Facebook takes down activist groups' profiles
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Deutsch: [Facebook löscht Profile von Aktivisten | http://www.unwatched.org/EDRigram_9.9_Facebook_loescht_Profile_von_Aktivisten]
Facebook has just deleted about 50 UK activist groups’ profiles and users’
accounts without any notification to the owners of the accounts.
While the reasons are not very clear, a possible explanation being that the
respective groups have technically breached their terms and conditions by
using a “profile” rather than a “page”, there are suspicions that Facebook
might have acted after a law enforcement complaint and the purge could
be linked to the wider crackdown on protest by authorities in Britain.
In any case, Facebook’s action is questionable especially as the platform
performed the takedowns without any notification. Facebook exercises a
significant power over political activity and speech.
EDRi-member Open Rights Group asks Facebook to responsibly correct the
situation by contacting the users of the deleted accounts and working with
them to transfer their contacts and other information to the format that
Facebook considers appropriate to reinstate the suspended pages (with the
technical changes such as addition of organisation URLs), to create a
notification system rather than directly deleting accounts and to put in
place a process to migrate from a “profile” to a “page”.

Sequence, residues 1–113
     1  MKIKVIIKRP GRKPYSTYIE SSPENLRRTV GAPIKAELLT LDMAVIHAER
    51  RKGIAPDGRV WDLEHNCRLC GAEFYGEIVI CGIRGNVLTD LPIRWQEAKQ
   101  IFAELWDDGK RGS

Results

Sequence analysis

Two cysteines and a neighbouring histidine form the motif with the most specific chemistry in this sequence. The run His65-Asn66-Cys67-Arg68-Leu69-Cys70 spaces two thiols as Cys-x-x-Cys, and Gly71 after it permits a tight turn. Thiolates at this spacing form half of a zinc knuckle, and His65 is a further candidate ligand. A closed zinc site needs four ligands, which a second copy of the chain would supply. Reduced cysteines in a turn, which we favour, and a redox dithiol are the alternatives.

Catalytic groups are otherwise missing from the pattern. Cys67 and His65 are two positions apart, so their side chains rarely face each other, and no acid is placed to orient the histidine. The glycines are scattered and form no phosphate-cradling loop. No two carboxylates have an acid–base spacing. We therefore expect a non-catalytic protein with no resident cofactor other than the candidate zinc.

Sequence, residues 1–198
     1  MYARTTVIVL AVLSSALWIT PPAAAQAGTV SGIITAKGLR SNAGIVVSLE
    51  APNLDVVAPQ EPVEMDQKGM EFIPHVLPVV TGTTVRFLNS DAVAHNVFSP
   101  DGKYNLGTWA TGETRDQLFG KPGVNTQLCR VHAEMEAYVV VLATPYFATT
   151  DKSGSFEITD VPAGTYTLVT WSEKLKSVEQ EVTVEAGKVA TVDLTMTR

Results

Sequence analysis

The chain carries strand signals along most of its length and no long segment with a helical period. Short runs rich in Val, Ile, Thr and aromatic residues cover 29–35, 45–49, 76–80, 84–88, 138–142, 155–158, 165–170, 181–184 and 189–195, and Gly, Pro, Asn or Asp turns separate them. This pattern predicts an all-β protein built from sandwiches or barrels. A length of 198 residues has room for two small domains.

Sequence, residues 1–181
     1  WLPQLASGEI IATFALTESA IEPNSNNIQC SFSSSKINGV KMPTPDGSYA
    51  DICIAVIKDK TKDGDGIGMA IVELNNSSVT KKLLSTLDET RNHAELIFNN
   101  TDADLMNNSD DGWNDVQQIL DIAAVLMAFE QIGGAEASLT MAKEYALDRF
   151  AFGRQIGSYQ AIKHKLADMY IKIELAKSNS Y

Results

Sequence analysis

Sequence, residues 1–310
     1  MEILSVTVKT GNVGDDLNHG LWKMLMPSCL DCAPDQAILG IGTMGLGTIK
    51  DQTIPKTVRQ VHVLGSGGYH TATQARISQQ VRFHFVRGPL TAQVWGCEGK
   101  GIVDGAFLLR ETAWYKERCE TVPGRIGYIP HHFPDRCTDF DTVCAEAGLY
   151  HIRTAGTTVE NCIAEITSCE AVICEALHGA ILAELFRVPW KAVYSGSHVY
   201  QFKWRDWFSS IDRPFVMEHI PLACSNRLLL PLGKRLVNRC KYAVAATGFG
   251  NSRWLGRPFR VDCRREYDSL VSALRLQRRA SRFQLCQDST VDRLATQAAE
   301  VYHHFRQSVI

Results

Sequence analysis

Facebook did react and has lately notified a number of profile owners about
migrating their profile to a page, as it does have such a process.
But the idea is that we should be able to understand the risks of using such
powerful platforms as Facebook and that the lack of alternatives will only
lead to increasing their power and to a gradual limitation of our autonomy
and power. A solution would be to use self-hosted, open source platforms in
order to avoid reliance upon corporate power structures.
A number of people from the groups that had their accounts deleted have just
signed up to the experimental Diaspora, through independent co-operating
“pods” like My Seed.
Diaspora, just like other open source social platforms, is intended as a
network of independent servers, each hosting some users, who can move
between them, and talk to people using other servers. Although only at its
beginnings, this approach may lead to decentralised, privacy-friendly and
censorship resistant platforms.
Corporations may not protect your free speech and privacy (1.05.2011)
Facebook political takedowns: Burying bad news? (29.04.2011)
Over 50 political accounts deleted in Facebook purge (29.04.2011)